Which Dividend King Wins the Throne: P&G or Colgate-Palmolive? - Sure Dividend Sure Dividend

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Which Dividend King Wins the Throne: P&G or Colgate-Palmolive?


Published March 9th, 2017 by Bob Ciura

Consumer products companies have been among the most rewarding dividend stocks to own over long periods of time.

Take industry behemoths Procter & Gamble (PG) and Colgate-Palmolive (CL) as prime examples.

P&G has paid a dividend for 127 years, and has increased its dividend for 60 years in a row.

Colgate-Palmolive began paying dividends to shareholders all the way back in 1895. It has increased its dividend for 54 consecutive years.

Both companies are on the list of Dividend Aristocrats, a group of companies in the S&P 500 that have raised dividends for 25+ years.

You can see the entire list of Dividend Aristocrats here.

Not only that, but they are also members of the Dividend Kings, an even more exclusive group of companies with 50+ years of consecutive dividend increases.

There are just 19 Dividend Kings. You can see the entire list of Dividend Kings here.

This article will compare-and-contrast these two Dividend Kings.

Business Overview

Winner: P&G

P&G and Colgate-Palmolive are both giant consumer products companies.

P&G operates more than 60 brands, spread across 10 product categories.

PG Brands

Source: Company Fact Sheet, page 2

P&G has repositioned itself, after a long divestment process. In 2014, P&G sold its Duracell battery business to Warren Buffett’s Berkshire Hathaway (BRK.A) (BRK.B) for $4.7 billion.

The following year, it sold a portfolio of 43 beauty brands to Coty (COTY) for $12.5 billion.

Colgate-Palmolive also has a large product portfolio, but it is more focused. Most of the company’s operations center on three key areas—oral health, household cleaners, and animal health products.

Some of its core brands include Colgate, Palmolive, Softsoap, Irish Spring, Tom’s of Maine, Ajax, and Hill’s.

Colgate-Palmolive has a strong grip on oral health products. It claims massive share in global toothpaste sales.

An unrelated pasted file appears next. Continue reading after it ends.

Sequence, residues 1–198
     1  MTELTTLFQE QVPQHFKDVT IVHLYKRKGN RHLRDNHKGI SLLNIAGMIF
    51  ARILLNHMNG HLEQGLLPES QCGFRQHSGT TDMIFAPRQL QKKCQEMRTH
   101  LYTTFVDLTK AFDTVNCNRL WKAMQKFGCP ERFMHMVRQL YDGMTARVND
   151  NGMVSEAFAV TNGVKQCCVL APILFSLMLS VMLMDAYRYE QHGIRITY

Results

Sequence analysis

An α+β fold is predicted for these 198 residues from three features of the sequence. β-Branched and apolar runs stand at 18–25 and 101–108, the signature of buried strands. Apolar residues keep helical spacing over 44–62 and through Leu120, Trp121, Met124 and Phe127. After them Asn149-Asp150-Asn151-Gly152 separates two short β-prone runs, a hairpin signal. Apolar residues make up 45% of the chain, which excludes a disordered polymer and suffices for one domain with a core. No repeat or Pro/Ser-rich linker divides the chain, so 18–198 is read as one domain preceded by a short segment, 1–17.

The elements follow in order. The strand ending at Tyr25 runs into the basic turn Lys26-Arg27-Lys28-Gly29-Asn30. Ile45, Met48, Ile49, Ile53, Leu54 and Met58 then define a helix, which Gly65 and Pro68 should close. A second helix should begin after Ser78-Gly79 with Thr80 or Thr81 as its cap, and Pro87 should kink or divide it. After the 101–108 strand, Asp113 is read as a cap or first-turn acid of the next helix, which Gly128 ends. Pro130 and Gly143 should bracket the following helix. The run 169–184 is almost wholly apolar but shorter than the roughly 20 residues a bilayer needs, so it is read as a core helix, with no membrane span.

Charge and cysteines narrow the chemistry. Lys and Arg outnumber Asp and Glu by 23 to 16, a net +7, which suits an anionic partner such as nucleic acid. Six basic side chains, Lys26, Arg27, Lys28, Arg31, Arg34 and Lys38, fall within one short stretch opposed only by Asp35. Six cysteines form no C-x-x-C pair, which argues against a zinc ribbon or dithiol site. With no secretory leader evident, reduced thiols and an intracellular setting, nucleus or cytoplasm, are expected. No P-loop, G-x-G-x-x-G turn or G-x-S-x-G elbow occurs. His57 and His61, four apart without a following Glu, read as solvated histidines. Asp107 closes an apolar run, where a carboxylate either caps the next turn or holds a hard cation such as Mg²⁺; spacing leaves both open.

CL Market Share

Source: 2017 CAGNY Presentation, page 23

But P&G has a big structural advantage right now—its smaller international presence.

P&G generates roughly 44% of its sales from North America.

By contrast, Colgate-Palmolive generates just 21% of its sales from North America. As such, it is much more exposed to the strong U.S. dollar than P&G.

The strong dollar has had a severe impact on revenue growth for companies with large overseas businesses, and Colgate-Palmolive has been one of the hardest-hit in the consumer goods sector.

CL Currency

Source: 2017 CAGNY Presentation, page 13

For example, Colgate-Palmolive’s net sales fell 4.5% last quarter, while P&G posted flat sales in its most recent quarter.

Another reason why P&G’s business model is stronger right now, is because of its asset sales.

The company has shed dozens of low-growth brands, and has reaped massive productivity improvements as a result.

PG Productivity

Source: 2017 CAGNY Presentation, page 13

Over the past five years, P&G generated $10 billion of cost savings, and it believes there is potential for another $10 billion in cost cuts over the next five years.

These sharp cost reductions have had a significant impact on P&G’s margins.

In fiscal 2016, operating margin based on continuing operations expanded by 370 basis points

Thanks to its massive portfolio transformation, P&G is a much slimmer, more streamlined company.

This has led to stronger earnings growth in recent periods. Cost cuts and gains from divestments helped P&G’s diluted earnings-per-share increase 51% in 2016.